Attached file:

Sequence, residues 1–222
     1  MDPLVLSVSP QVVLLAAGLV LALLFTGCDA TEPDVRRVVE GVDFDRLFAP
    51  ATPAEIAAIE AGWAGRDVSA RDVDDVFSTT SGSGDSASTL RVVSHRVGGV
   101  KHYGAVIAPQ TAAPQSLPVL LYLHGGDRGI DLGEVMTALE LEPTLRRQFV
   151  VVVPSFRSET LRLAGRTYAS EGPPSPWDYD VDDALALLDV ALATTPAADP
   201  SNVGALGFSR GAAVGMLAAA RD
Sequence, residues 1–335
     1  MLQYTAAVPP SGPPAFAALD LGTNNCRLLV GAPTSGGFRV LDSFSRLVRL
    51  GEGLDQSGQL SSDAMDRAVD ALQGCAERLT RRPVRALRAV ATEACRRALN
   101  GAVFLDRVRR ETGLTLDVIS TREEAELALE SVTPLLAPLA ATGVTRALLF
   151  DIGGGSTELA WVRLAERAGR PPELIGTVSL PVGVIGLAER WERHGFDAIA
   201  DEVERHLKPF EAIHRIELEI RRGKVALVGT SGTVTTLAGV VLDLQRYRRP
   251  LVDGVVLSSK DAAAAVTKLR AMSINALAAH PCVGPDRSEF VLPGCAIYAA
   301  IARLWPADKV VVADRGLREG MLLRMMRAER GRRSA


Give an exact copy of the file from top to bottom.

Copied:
Sequence, residues 1–222
     1  MDPLVLSVSP QVVLLAAGLV LALLFTGCDA TEPDVRRVVE GVDFDRLFAP
    51  ATPAEIAAIE AGWAGRDVSA RDVDDVFSTT SGSGDSASTL RVVSHRVGGV
   101  KHYGAVIAPQ TAAPQSLPVL LYLHGGDRGI DLGEVMTALE LEPTLRRQFV
   151  VVVPSFRSET LRLAGRTYAS EGPPSPWDYD VDDALALLDV ALATTPAADP
   201  SNVGALGFSR GAAVGMLAAA RD
Sequence, residues 1–335
     1  MLQYTAAVPP SGPPAFAALD LGTNNCRLLV GAPTSGGFRV LDSFSRLVRL
    51  GEGLDQSGQL SSDAMDRAVD ALQGCAERLT RRPVRALRAV ATEACRRALN
   101  GAVFLDRVRR ETGLTLDVIS TREEAELALE SVTPLLAPLA ATGVTRALLF
   151  DIGGGSTELA WVRLAERAGR PPELIGTVSL PVGVIGLAER WERHGFDAIA
   201  DEVERHLKPF EAIHRIELEI RRGKVALVGT SGTVTTLAGV VLDLQRYRRP
   251  LVDGVVLSSK DAAAAVTKLR AMSINALAAH PCVGPDRSEF VLPGCAIYAA
   301  IARLWPADKV VVADRGLREG MLLRMMRAER GRRSA